NCB facing pushback from workers over vaccine mandate
The National Commercial Bank (NCB) is facing pushback from employees over a new policy that requires them to either take the COVID-19 vaccine or submit weekly negative tests at their expense.
NCB employees will be required to “share” their vaccination cards with department heads by October 31 “as proof that they are either partially or fully vaccinated", the bank indicated.
The announcement was made in a memo circulated to staff yesterday over the signature of NCB Group President and CEO Patrick Hylton.
But Paul Stewart, chairman of the NCB Staff Association, fired back today, calling the bank's move premature.
“The premature imposing of compulsory vaccination would only serve to undermine confidence and trust in the management,” Stewart said in a memo to employees.
“We, therefore, will be requesting an urgent meeting to have the circular withdrawn so we can respectfully address the foregoing concerns,” he added, noting that the union wanted to maintain the cordial relationship with the bank while protecting the health and well-being of the staff.
Amid a deadly third wave of COVID infections, NCB, the island's largest commercial bank, joins a growing list of private sector companies such as Digicel, Cari-Med, CVM-TV, QualCare Jamaica and Mother's that recently implemented similar COVID policy.
The announcement by NCB comes days after Labour Minister Karl Samuda told The Gleaner that “there is no provision at the moment that enables a company to implement a mandatory requirement that people take the vaccine”.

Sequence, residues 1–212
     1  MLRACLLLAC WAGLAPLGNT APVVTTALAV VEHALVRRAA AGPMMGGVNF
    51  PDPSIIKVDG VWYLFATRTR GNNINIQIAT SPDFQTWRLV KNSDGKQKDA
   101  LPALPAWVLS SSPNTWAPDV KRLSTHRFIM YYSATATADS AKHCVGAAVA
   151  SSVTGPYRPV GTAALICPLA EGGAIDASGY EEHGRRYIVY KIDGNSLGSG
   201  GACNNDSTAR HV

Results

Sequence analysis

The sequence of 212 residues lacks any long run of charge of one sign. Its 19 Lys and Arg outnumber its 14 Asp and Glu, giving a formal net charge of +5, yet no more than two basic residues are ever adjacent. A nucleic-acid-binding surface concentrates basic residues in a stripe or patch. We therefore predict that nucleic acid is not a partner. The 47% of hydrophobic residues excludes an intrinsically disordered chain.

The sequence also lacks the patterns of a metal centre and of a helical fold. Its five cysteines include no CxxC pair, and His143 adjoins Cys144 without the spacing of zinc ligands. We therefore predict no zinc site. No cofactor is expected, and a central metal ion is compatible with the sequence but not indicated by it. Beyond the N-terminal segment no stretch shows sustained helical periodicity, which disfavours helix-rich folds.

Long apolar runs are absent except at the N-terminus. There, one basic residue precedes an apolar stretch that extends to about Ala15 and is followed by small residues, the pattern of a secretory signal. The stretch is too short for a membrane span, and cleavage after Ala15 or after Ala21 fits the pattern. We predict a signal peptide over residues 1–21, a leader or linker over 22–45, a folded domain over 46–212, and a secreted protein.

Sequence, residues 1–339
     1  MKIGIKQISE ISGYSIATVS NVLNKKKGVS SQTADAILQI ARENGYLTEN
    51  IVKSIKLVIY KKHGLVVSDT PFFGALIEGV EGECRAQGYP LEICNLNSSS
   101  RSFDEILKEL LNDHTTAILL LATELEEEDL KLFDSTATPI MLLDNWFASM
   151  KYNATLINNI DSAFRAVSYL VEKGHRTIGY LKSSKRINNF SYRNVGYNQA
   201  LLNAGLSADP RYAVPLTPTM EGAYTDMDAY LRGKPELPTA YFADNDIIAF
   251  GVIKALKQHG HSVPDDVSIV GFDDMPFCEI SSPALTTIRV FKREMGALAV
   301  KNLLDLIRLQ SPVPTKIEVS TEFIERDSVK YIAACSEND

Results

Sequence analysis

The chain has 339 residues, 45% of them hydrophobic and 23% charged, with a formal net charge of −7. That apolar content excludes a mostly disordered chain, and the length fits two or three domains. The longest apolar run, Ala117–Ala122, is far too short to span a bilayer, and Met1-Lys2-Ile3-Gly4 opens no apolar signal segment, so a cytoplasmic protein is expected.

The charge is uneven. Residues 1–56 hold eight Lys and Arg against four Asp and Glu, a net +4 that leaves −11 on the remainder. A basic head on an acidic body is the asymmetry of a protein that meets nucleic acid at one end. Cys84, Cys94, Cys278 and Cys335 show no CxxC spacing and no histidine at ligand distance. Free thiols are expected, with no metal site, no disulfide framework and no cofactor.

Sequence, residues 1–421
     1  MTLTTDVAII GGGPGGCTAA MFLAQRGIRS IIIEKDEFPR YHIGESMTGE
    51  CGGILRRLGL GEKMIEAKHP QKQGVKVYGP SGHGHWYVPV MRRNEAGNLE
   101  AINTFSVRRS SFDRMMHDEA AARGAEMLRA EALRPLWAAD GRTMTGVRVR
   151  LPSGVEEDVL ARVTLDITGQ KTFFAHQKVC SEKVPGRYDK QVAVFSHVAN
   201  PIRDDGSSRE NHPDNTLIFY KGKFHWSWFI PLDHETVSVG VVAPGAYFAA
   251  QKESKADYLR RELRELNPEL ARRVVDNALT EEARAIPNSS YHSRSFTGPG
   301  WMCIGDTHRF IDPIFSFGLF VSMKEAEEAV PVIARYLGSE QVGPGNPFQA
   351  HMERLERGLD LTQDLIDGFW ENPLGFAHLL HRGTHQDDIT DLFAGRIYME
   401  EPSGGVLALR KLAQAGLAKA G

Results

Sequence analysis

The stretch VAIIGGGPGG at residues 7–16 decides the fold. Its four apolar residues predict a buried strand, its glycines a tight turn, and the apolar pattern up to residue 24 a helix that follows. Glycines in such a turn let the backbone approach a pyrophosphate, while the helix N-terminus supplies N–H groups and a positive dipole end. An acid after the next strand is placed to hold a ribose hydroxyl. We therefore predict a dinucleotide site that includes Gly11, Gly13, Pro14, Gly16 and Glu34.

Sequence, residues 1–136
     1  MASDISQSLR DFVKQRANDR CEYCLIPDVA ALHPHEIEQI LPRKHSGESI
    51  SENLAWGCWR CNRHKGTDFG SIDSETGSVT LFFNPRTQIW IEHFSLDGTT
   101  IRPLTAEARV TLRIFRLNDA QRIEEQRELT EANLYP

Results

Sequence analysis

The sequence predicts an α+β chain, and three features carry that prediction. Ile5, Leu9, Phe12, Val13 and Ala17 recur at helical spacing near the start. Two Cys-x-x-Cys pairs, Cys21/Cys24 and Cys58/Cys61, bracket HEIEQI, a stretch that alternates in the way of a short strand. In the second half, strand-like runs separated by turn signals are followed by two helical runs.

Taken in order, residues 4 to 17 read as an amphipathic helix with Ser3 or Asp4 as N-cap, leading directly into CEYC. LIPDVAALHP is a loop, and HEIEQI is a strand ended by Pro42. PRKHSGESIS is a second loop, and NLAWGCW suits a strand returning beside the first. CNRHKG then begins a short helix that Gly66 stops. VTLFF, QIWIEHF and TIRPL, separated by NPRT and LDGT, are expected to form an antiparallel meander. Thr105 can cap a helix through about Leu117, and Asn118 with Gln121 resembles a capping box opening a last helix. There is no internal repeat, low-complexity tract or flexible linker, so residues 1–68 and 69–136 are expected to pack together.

NCB employees who are not vaccinated by October 31 will be required to submit a “legitimate” negative PCR COVID test – done at their expense – every Wednesday, starting November 3.
Unvaccinated employees who do not provide a current PCR test “and, consequently, are unable to attend work” will be required to take the days on which they are absent as unpaid leave, the memo said.
“We consulted with the NCB Staff Association and took their perspective into consideration,” Hylton's memo said.
While confirming that there was a meeting to discuss the policy, Stewart insisted that “at no time did the staff association agree to mandatory vaccination”.
Further, Stewart said the union was “surprised” by the request for weekly PCR tests at the expense of employees and the decision to treat the absence of non-compliant workers as unpaid leave.
“We had no discussions regarding any action to be taken against the staff if they were not vaccinated,” he said in a memo sent to his members today.
According to Stewart, the association has “several concerns” about the move to implement the policy and the likely impact on workers and would seek to raise those issues in the proposed talks.
Among the concerns, he said, was NCB's “willingness to accept liability if persons are forced to take the vaccine which leads to any negative reaction or death”.
Stewart said there are concerns, too, for employees who opt not to get inoculated because of their religious beliefs as well as those who refuse “based on the fact that there are insufficient clinical trials to determine its long-term effect”.
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